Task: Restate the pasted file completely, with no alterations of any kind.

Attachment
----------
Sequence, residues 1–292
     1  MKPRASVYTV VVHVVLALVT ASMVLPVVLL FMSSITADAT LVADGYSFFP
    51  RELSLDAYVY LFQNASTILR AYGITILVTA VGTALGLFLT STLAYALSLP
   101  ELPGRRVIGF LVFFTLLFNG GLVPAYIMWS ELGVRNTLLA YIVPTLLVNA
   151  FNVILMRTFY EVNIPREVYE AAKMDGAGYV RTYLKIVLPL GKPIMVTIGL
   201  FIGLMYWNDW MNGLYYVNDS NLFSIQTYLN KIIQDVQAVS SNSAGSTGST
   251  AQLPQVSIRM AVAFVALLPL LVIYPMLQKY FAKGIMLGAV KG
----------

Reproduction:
Sequence, residues 1–292
     1  MKPRASVYTV VVHVVLALVT ASMVLPVVLL FMSSITADAT LVADGYSFFP
    51  RELSLDAYVY LFQNASTILR AYGITILVTA VGTALGLFLT STLAYALSLP
   101  ELPGRRVIGF LVFFTLLFNG GLVPAYIMWS ELGVRNTLLA YIVPTLLVNA
   151  FNVILMRTFY EVNIPREVYE AAKMDGAGYV RTYLKIVLPL GKPIMVTIGL
   201  FIGLMYWNDW MNGLYYVNDS NLFSIQTYLN KIIQDVQAVS SNSAGSTGST
   251  AQLPQVSIRM AVAFVALLPL LVIYPMLQKY FAKGIMLGAV KG